Mumbai: Haircare and hair health have been a primary concern among Indians. According to Mintel’s Global New Products Database (GNPD) India’s anti-hair fall shampoo market, at 12%, is among the top in the APAC region. Mintel’s latest research states that 53%* Indians are interested in hair fall prevention and more than half the Indians (53%) lean towards healthy hair claims when taking beauty supplement products. In fact, 52%** Indians who faced hair loss/ damage in the last six months, addressed the issue by consuming multi-vitamin supplements.
Tanya Rajani, Beauty & Personal Care Analyst – India said, “COVID-19 has increased anxiety levels, with concerns about general health, wellbeing, and appearance prompting more interest in vitamins, minerals, and supplements. The prevention of hair fall and healthy strong hair are a big focus for Indian consumers. While the market is crowded with anti-hair fall shampoos and conditioners, there is ample space for supplements to enter and grow. There is a strong consumer interest in hair health, which makes the hair supplement space an area ripe for growth,”.She adds that hair loss/ damage is aligned with beauty propositions, and brands can leverage it to introduce customers to the segment. They can demonstrate to consumers how hair supplements are the natural next step after topical remedies. Brands can offer supplements for specific needs and ages to help consumers navigate through their journey”.
The narrative of ‘beauty inside out’ is strengthening its foothold among Indian consumers. Three-fourths of the population (75%)*** agreed that consuming vitamins, minerals, and supplements regularly helps in achieving overall health and wellness. More than 10 in 25 people (28%) intend to start using more beauty supplements in the next 12 months. According to Mintel’s GNPD, VMS product launches with skin, hair, and nail claims topped at 23.6% between June 2020 and May 2021, since it plateaued in 2018 at 17.2%. GNPD also shows that 52% of new beauty supplement launches in 2020 also have a functional effect on the immune system, up from 35% the previous year.
Rajani says, “The increased interest in wellbeing solutions from the beginning of the pandemic has made it a good time for brands to acquire new consumers and push for health benefits in beauty supplements. As consumers better understand the impact physical and mental health can have on their outer appearance, there is increased scope for brands to introduce ingestibles that meet physical and psychological needs. The market will see brands launch ingestible and topical products crossovers as the inside-out beauty proposition prompts more Indians to consume more supplements. Brands can formulate supplements that can provide benefits in various areas and not just beauty on the surface. Brands must keep the consumer’s interest first and provide ingestible / supplements that can boost immunity and health. This pre-emptive consumer thinking will create great opportunities for brands. It is important that beauty supplements provide multiple benefits for consumers to gain from them.”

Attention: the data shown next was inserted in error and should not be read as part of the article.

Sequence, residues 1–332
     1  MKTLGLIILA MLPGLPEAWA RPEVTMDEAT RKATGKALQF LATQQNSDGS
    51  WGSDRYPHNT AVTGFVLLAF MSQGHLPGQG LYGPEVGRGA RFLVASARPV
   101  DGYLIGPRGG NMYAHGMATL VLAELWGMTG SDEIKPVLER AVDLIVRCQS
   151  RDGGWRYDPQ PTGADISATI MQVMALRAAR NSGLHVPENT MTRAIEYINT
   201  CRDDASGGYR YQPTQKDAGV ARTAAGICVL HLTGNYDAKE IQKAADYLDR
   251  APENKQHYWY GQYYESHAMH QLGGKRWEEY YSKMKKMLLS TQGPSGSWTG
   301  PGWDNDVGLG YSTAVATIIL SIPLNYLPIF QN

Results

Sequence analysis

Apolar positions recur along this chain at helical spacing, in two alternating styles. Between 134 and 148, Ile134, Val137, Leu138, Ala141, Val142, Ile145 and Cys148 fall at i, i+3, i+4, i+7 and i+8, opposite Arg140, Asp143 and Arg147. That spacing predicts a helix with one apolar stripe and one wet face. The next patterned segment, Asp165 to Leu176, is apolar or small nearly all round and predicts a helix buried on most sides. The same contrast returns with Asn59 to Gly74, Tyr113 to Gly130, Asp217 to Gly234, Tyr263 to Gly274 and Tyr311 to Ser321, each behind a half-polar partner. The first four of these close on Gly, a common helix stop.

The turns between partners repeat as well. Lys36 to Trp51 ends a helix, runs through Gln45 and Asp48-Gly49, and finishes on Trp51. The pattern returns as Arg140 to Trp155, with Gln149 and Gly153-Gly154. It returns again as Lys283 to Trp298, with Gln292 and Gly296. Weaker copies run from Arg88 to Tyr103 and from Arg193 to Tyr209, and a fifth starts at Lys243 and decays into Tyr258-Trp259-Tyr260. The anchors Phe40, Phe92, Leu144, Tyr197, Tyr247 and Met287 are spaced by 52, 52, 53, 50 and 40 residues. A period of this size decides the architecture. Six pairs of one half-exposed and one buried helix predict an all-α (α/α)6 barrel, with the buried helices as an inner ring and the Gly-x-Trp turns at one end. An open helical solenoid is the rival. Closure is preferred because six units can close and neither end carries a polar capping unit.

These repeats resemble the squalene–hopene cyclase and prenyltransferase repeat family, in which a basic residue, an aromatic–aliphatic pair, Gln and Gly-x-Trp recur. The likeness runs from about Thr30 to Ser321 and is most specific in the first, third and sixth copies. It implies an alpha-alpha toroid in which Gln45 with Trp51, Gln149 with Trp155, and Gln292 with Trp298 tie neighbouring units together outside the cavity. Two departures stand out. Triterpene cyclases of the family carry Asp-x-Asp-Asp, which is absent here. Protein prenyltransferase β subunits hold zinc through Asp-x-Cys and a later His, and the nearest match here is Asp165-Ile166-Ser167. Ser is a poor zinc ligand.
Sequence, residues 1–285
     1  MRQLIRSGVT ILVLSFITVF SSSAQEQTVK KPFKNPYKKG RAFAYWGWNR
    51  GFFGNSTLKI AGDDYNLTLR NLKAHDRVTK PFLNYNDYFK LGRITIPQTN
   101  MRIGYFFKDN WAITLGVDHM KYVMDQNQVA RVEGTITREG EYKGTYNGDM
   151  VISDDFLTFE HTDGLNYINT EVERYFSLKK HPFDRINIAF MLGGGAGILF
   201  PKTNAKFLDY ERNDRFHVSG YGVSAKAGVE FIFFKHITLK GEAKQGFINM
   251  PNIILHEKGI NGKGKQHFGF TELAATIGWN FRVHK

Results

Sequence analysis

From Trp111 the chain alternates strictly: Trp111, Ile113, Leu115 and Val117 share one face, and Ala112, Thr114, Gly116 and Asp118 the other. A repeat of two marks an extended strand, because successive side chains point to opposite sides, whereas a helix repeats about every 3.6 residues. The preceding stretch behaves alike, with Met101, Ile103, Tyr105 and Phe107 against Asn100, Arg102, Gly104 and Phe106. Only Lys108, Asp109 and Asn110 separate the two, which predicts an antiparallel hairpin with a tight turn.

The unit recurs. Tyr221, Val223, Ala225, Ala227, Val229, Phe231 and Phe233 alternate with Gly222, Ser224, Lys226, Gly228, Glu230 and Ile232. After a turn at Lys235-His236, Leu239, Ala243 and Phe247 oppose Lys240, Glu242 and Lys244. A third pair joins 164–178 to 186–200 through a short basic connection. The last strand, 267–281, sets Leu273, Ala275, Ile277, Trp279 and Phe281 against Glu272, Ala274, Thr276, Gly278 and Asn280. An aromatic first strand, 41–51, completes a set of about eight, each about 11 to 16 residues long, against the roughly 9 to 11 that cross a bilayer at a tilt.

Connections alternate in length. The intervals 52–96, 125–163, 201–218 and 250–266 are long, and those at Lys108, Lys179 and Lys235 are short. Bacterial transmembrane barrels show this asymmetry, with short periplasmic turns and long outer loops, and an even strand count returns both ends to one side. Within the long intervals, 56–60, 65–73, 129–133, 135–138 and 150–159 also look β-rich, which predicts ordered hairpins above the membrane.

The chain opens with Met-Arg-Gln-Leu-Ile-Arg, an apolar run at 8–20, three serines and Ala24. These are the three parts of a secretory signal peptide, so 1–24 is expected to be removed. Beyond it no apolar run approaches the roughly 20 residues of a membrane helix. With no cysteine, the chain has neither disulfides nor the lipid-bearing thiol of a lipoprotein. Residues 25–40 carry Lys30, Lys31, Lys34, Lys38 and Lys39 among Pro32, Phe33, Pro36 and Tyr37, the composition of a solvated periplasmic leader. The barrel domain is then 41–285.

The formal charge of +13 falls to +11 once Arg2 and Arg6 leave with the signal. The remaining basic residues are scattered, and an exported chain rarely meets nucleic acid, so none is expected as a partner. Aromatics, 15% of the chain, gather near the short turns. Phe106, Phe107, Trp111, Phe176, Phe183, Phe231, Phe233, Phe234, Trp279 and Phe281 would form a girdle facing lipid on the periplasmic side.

Familiarity plays a significant role in helping consumers ease into the world of beauty supplements. About one-third of Indian consumers (32%) would be interested in taking beauty supplements offered in snack/sweets formats. For nearly half of Indian consumers (46%), the taste is one of the important factors that would encourage them to try vitamins, minerals, and supplements. For 41 in 100 Indians (41%), familiar ingredients are one of the important factors that would encourage them to try VMS. With the pandemic keeping people home and outdoor activities to a minimum, many consumers are seeking comfort and newness in food. Supplements in snackable forms, as well as interesting flavors, can contribute to this search. Brands should strive to engage the consumer by balancing between familiar ingredients and exciting formats such as snacks, yogurts, drinkables, etc. This will help consumers find supplements more relatable and convenient to consume. Brands should break away from the medicinal imagery (tablets, etc) and look at formats like organic drinks and effervescent tablets. Brands can explore the potential of locally popular fruits and flavors such as Indian gooseberry, Kesar, badam pista, mango, and tulsi or starters.